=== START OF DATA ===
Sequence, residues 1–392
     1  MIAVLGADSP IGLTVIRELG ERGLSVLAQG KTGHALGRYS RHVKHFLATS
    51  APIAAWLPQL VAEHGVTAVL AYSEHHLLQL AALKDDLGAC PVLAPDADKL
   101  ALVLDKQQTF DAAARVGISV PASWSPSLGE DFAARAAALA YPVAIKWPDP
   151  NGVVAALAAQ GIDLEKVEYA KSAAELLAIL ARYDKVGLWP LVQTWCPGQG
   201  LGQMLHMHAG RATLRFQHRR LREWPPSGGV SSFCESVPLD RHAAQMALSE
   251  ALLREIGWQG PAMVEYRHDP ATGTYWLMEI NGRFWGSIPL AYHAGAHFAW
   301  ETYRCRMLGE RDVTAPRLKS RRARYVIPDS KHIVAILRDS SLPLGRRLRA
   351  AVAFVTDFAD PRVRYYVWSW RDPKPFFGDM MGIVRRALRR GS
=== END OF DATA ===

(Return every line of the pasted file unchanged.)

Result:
Sequence, residues 1–392
     1  MIAVLGADSP IGLTVIRELG ERGLSVLAQG KTGHALGRYS RHVKHFLATS
    51  APIAAWLPQL VAEHGVTAVL AYSEHHLLQL AALKDDLGAC PVLAPDADKL
   101  ALVLDKQQTF DAAARVGISV PASWSPSLGE DFAARAAALA YPVAIKWPDP
   151  NGVVAALAAQ GIDLEKVEYA KSAAELLAIL ARYDKVGLWP LVQTWCPGQG
   201  LGQMLHMHAG RATLRFQHRR LREWPPSGGV SSFCESVPLD RHAAQMALSE
   251  ALLREIGWQG PAMVEYRHDP ATGTYWLMEI NGRFWGSIPL AYHAGAHFAW
   301  ETYRCRMLGE RDVTAPRLKS RRARYVIPDS KHIVAILRDS SLPLGRRLRA
   351  AVAFVTDFAD PRVRYYVWSW RDPKPFFGDM MGIVRRALRR GS